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Calculators are back in the news. Why, though? An image of maths professors protesting against calculators is circulating on the internet, making a case for dismissing the petition to slow down the training of AI systems more powerful than GPT-4. While many experts have already voiced their opinion on the entire issue, the question is: Is the calculator analogy fair here? Let’s find out.
Two tales of resistance
In 1986, a group of mathematics teachers took to the streets to protest against a policy proposed by the National Council of Teachers of Mathematics . The contested policy recommended the integration of calculators into the school mathematics curriculum at all grade levels for classwork, homework, and evaluation. “At each grade level, every student should be taught how and when to use the calculator,” argued the policy.
To the teachers fighting against it, such an implementation would hinder students’ ability to learn basic mathematical concepts.
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A similar thing is playing out today as well. A group of AI researchers and critics, including Gary Marcus, Elon Musk, and Demis Hassabis, among others, have signed an open letter seeking a pause on training AI beyond the size of GPT-4 for the next six months. The letter, which has garnered about 1,400+ signatures to-date, is focused on taking AI research and deployment towards making the state-of-the-art AI system more accurate, safe, transparent, and trustworthy.
“This pause should be public and verifiable, and include all key actors. If such a pause cannot be enacted quickly, governments should step in and institute a moratorium,” reads the letter.
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Calculators vs GPT-4: Not a Fair Comparison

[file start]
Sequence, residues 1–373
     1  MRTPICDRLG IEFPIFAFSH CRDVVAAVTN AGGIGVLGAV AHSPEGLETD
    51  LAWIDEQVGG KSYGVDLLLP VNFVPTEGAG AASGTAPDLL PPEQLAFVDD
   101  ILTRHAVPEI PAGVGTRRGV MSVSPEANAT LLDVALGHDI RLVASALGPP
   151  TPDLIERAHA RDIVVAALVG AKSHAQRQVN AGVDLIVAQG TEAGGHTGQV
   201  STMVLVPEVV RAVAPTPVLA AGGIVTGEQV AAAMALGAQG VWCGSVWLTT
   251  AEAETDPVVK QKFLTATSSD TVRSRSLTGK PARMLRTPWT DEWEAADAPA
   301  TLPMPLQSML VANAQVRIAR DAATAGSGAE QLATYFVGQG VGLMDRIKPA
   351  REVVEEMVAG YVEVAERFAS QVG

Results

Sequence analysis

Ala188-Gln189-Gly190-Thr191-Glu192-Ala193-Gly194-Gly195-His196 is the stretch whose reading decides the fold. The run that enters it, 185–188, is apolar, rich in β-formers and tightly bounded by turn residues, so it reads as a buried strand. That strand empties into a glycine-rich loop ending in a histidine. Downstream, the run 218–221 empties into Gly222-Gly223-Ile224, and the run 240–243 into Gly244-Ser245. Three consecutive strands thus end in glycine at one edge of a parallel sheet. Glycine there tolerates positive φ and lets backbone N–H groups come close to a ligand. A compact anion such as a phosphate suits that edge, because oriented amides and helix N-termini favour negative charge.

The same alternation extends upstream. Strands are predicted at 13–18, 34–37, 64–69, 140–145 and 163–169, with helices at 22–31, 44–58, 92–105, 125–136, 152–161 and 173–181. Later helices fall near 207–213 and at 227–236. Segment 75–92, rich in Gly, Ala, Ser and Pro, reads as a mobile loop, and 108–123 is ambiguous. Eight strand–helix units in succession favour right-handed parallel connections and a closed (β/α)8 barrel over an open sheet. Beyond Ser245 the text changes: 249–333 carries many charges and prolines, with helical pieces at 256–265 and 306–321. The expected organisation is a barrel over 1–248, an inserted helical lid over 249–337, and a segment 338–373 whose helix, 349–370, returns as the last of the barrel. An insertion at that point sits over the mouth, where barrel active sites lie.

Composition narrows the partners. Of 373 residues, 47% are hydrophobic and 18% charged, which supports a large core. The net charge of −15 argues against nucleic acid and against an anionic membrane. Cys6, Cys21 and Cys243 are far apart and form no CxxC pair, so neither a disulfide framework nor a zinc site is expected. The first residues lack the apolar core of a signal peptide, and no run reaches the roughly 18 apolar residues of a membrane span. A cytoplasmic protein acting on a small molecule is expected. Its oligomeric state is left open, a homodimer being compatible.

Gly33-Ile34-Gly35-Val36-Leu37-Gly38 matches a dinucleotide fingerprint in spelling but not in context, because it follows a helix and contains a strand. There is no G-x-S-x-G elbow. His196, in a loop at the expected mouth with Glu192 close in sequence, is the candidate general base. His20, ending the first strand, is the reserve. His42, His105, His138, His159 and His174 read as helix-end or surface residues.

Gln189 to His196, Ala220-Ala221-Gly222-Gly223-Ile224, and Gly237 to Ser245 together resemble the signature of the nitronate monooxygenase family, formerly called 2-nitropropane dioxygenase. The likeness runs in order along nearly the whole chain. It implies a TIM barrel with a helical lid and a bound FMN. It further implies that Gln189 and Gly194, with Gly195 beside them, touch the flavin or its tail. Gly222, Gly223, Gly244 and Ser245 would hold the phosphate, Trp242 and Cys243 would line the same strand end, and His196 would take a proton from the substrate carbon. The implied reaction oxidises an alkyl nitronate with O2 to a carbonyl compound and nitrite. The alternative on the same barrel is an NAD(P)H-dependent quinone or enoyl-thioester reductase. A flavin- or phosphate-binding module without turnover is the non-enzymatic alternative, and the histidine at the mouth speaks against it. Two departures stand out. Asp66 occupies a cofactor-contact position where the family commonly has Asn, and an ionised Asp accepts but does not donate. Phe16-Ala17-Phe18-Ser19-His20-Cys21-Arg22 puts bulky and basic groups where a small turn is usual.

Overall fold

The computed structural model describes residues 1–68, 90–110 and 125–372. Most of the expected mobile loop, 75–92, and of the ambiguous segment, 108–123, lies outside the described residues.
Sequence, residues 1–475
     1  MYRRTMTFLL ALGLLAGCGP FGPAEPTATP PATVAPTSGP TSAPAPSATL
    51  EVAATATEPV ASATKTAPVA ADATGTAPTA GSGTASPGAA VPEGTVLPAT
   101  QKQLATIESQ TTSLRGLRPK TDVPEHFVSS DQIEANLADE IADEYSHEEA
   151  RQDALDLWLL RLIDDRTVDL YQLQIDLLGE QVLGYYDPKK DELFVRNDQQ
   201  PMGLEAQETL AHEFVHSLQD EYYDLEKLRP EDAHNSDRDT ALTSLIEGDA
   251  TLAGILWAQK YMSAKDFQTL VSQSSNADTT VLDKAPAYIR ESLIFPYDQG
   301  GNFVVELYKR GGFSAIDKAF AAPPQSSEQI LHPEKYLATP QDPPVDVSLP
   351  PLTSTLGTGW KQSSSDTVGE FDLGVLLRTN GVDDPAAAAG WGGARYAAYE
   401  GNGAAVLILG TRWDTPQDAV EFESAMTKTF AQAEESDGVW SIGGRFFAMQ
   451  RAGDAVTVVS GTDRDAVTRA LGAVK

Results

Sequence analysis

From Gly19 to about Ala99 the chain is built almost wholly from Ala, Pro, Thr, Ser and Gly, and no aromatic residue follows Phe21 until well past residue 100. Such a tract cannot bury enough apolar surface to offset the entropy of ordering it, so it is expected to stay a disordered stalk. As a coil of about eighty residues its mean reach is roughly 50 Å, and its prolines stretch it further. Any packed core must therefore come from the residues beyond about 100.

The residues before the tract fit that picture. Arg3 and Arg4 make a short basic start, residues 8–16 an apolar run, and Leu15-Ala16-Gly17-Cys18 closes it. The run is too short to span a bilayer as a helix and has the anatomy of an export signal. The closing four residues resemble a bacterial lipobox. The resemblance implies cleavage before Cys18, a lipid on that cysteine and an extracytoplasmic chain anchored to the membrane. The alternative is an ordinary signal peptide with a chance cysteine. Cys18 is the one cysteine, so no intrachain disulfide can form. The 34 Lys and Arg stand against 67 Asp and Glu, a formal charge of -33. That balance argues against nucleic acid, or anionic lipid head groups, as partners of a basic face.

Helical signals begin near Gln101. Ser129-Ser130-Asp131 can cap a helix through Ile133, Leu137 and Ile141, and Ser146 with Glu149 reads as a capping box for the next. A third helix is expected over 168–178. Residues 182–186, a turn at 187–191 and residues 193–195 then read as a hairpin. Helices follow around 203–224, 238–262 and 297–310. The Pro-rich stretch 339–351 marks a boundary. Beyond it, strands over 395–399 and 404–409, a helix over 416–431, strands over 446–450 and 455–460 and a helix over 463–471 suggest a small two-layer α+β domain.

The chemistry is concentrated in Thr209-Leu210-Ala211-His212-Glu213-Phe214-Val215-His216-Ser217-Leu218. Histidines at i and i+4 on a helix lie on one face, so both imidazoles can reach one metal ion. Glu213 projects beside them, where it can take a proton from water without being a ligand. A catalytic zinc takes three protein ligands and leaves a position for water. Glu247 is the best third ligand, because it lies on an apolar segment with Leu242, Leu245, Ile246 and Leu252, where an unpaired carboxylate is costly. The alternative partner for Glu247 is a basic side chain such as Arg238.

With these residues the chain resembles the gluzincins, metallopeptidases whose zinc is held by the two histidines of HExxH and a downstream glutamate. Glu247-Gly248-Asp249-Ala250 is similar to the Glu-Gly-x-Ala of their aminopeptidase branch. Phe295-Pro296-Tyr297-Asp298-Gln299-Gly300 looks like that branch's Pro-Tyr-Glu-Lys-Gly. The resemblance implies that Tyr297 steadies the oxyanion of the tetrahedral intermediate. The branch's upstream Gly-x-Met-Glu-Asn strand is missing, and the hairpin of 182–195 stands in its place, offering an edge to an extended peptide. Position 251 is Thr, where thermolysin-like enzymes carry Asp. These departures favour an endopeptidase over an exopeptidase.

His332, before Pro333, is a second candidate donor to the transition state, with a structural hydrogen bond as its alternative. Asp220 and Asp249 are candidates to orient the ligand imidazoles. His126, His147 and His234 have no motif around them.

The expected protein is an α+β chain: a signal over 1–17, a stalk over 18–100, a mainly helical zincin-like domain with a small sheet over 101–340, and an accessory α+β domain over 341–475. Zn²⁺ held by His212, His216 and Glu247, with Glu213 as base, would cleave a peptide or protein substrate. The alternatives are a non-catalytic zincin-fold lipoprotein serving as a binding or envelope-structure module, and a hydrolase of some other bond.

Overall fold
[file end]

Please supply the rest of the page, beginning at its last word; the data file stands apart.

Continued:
As much as the two scenarios look alike, there is a fundamental difference here. A calculator uses logic gates to perform arithmetic and logic operations with far more accuracy and speed than what a human mind can process. The resistance against it was not for the growth of electronics research as such, but its implementation, that too in one specific segment (namely in schools).
Neural networks like GPT-4, on the other hand, is this giant web of interconnected nodes that work together to process and analyse enormous amounts of data in order to “generate” information. Mind you, it is not “automation” as we know it, where straightforward logic is implemented to bring consistent results.
These networks “produce” content by seeing patterns in the data – a complete “garbage in, garbage out” system. The unverified, unregulated systems have been engaging in spreading misinformation, peddling hate speech, showing bias and discrimination, as well as posing several security threats to organisations’ and individuals’ data alike.
Source: The Intercept
Not just calculators, historically, all disruptive technologies have been met with resistance. An article published in 1981 in the Canadian English daily Ottawa Citizen declared that if teachers failed to resist the increasing penetration of computers in the classroom, literacy could be in danger of disappearing within a decade.
Meanwhile, it is also important to note that AI has been here for a while. The search we use, the recommendation engines to different platforms, analytics platforms, and many other areas are all based on AI. This way, AI existed before neural networks came into the picture as well. However, what’s new with today’s AI is that rather than simply analysing or recommending content on the web, it draws from this ocean of data to “create” its content.
Beyond a Simple Calculator
In this regard, it is understandable if a correlation is made between maths professors’ concerns versus the general insecurity around implementing ChatGPT in school education today. But, correlating it to the concerns raised by researchers in today’s AI models seems completely bogus.
Marcus also essentially argues the same thing. The fight is not because “we know how it works and we need to assess the pros and cons,” but precisely because “we don’t know how it works, and the ones involved in it are not ready to share it”. Hence, this is a fight coming not from knowledge, but from ignorance.
The actors involved in the fight are also different. A rare occasion in all these years of technological development, it seems that the power and privilege to speak is held with all those involved in the development and deployment of this technology. Not only to resist, but also comply. They form the higher order speaking for humanity, relegating corporations, stakeholders, and government bodies to a secondary place.
So, unlike calculators, the petition circulation does not exist at the policy level, but at the research level. Ensuring transparency in training data, evaluating methods for optimal outcomes prior to public release, and implementing independent model reviews are crucial considerations to address before releasing them to the public.